I then pin basted the quilt and commenced quilting using a walking foot. The quilt was turned (with needle down) whenever the quilting line intersected with the quilting guidelines.

Remove quilting guidelines carefully so as to not to break any of the stitches, after the quilting is finished.

I really love the squared-off spiral quilting, it is easy and visually very effective on solid fabric.  However, it does involve turning the quilt often and therefore becomes cumbersome quickly with larger quilts. 

The binding fabric is Amy Butler Lotus - Polka Dot in Red.

I hope this answers the often asked question as to how to align the quilt sandwich.  This really doesn't take all that long to do and with practice will quickly become routine.

Tuesday, March 16, 2010

MiniQuilt Monday on Tuesday

I started a mini quilt on the weekend with the intention of posting it on Monday, but I seem to have underestimated either how long this was going to take to piece or maybe more so the lack of sewing time available on the weekend.

 My creative inspiration came from a recent book addition: -

What caught my eye in this book was the Garden Path quilt.  It is made with a wide variety of prints in a largely pastel palette, and pieced with strips sewn together to make Strata, which is then re-cut and assembled freeform.  I really wanted to try the intuitive design and a mini quilt is a great way to try out different techniques.

 Quilt Top measures 25 inches x 25 inches

I have used both large and small scale pastel prints by Kaffe Fassett as well as a few high-contrast fabrics to add depth to this mini quilt.

In my next post I will detail the steps that I take to ensure that a quilt top and the backing are centered.  Although ensuring the quilt back is straight is easier for a mini quilt, the technique does apply to quilts of all sizes.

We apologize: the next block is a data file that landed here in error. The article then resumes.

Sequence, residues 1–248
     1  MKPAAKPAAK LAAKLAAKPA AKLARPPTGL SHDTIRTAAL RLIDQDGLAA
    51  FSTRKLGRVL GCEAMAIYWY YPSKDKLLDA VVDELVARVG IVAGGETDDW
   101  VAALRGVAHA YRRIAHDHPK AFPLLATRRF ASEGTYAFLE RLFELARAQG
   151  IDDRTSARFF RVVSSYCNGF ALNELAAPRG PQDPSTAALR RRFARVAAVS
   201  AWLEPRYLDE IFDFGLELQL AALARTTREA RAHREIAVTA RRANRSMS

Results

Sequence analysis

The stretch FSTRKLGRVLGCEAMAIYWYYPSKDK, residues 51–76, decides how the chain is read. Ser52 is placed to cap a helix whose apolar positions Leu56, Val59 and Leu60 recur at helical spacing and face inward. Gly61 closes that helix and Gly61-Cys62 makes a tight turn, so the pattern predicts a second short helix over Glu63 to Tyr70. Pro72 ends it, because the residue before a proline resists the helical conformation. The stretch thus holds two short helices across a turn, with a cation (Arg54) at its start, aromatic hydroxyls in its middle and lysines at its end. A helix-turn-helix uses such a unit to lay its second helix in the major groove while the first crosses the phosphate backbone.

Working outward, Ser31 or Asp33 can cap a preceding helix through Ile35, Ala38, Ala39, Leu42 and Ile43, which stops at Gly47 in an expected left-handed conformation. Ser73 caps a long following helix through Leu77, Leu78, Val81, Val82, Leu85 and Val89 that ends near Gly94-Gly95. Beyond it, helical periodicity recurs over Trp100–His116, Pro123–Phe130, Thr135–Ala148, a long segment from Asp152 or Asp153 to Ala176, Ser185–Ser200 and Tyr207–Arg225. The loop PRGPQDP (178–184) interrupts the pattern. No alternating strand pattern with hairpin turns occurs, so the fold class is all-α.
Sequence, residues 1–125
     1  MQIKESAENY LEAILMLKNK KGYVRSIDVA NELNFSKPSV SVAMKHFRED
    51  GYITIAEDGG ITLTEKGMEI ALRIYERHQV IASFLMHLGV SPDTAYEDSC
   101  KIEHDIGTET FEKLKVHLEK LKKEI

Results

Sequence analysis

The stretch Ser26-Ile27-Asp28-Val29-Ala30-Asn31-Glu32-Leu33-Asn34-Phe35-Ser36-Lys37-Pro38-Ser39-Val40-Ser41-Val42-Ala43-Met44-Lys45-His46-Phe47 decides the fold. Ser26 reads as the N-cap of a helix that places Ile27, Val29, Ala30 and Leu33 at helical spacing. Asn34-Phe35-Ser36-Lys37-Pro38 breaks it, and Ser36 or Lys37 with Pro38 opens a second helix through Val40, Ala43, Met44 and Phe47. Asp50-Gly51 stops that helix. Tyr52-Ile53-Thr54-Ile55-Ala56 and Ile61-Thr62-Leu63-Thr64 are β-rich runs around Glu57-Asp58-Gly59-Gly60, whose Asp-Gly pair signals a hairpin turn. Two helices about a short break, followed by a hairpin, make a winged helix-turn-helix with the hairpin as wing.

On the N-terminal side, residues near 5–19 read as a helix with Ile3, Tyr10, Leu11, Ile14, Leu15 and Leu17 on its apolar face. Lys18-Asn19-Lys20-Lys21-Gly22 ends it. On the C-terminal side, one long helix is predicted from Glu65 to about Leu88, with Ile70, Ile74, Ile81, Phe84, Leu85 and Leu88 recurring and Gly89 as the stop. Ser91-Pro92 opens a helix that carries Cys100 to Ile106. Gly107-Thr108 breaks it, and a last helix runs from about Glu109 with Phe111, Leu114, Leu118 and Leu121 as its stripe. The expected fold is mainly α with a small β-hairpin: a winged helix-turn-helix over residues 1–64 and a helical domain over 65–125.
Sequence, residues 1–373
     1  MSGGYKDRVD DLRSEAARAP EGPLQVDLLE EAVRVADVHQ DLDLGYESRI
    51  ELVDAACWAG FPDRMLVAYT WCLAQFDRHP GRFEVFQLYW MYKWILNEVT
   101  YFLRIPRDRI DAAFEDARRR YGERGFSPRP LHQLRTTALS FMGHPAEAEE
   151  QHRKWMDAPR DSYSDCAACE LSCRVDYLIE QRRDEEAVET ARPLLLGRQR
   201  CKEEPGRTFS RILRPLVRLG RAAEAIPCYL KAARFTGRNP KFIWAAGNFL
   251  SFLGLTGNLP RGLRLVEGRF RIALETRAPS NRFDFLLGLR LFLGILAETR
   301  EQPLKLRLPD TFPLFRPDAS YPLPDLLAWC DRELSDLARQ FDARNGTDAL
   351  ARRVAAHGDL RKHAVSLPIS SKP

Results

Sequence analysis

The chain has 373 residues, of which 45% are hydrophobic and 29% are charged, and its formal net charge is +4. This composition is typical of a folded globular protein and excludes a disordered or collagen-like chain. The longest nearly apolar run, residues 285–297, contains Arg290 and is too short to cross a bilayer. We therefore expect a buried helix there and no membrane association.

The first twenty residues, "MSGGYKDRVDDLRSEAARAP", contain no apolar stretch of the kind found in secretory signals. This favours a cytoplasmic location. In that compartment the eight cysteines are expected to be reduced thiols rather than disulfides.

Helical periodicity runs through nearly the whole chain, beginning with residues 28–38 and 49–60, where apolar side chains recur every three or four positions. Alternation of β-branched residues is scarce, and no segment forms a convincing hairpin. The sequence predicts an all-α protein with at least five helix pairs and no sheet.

I am sure it is still Monday somewhere in the world.   Right?

Monday, March 15, 2010

It's a Family Thing VI

My 16 year old daughter is studying Studio Art as part of her VCE studies, something I wish I could have studied way back then.
Her instructions for this project were left to her creative imagination. The step by step documentation of the entire process is the key to success, rather than the finished product.  Thorough documentation is required for all practice runs, difficulties encountered,  testing of ideas, materials and equipment used,  whilst taking progress photos along the way.

And the final product is a Patchwork Cube, made independently after I introduced her to the very useful Half Square Triangle.

Steph enjoyed raiding the fabric stash and has learned much from her foray into the patchwork world.  Not only did she learn how to sew a quarter inch seam, but also:
  • that despite all your best efforts not all pieced blocks turn out the same size! 
  • sewing with tomato red thread it not a good idea
  • fabric is stretchy if you don't cut it straight
  • dinosaur school sewing machines are not for taking apart
  • mum's spare sewing machine is pretty cool after all
  • that you learn from your mistakes.
Steph so enjoyed her project that I have absolutely no doubt that there will be more fabric play to come.  My stash is her stash - with the odd exception of course!  I must also say that this photo shoot was hilarious with many outtakes picturing only blue sky.  In the end any portion of the cube captured in an image was considered a bonus!